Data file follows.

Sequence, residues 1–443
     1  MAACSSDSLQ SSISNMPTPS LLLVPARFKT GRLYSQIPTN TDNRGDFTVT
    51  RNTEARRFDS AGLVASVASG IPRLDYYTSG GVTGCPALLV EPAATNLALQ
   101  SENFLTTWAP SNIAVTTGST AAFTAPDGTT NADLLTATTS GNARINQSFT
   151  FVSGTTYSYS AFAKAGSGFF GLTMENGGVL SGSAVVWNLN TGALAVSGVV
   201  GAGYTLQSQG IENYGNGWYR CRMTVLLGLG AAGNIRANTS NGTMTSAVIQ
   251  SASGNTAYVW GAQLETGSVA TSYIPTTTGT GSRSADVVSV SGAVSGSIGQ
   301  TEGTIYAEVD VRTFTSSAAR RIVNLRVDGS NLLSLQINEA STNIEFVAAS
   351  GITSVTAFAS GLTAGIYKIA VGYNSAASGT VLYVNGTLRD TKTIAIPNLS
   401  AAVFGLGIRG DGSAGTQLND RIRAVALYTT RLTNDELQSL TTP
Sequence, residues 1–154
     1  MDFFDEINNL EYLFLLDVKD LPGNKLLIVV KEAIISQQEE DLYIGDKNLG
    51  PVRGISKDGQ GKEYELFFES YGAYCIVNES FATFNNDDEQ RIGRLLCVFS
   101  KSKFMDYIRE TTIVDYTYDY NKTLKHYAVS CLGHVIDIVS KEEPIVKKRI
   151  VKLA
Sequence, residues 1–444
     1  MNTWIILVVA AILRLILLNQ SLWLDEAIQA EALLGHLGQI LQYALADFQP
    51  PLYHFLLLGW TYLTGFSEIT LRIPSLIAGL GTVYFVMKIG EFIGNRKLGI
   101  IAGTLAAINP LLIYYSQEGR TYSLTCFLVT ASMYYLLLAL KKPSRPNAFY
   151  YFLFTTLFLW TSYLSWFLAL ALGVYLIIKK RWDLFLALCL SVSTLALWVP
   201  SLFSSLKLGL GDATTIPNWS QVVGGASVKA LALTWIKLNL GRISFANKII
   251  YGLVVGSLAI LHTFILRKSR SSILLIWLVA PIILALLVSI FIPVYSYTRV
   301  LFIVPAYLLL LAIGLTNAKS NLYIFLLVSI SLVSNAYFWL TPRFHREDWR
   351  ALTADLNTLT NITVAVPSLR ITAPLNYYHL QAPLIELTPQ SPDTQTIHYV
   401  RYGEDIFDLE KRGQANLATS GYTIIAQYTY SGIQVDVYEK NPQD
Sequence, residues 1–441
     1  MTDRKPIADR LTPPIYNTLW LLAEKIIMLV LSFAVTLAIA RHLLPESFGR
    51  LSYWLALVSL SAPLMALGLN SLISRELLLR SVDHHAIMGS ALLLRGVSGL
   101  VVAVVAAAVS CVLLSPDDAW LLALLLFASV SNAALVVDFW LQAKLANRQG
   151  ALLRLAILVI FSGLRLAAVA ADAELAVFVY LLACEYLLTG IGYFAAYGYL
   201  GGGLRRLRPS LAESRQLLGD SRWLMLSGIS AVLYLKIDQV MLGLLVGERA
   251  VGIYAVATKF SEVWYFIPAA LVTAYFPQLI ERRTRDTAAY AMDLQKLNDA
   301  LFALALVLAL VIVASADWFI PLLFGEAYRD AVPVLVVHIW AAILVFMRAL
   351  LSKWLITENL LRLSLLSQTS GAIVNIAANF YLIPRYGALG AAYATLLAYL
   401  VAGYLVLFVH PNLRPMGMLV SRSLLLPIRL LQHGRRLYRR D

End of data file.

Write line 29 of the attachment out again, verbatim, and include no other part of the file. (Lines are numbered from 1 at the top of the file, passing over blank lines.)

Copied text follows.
   101  VVAVVAAAVS CVLLSPDDAW LLALLLFASV SNAALVVDFW LQAKLANRQG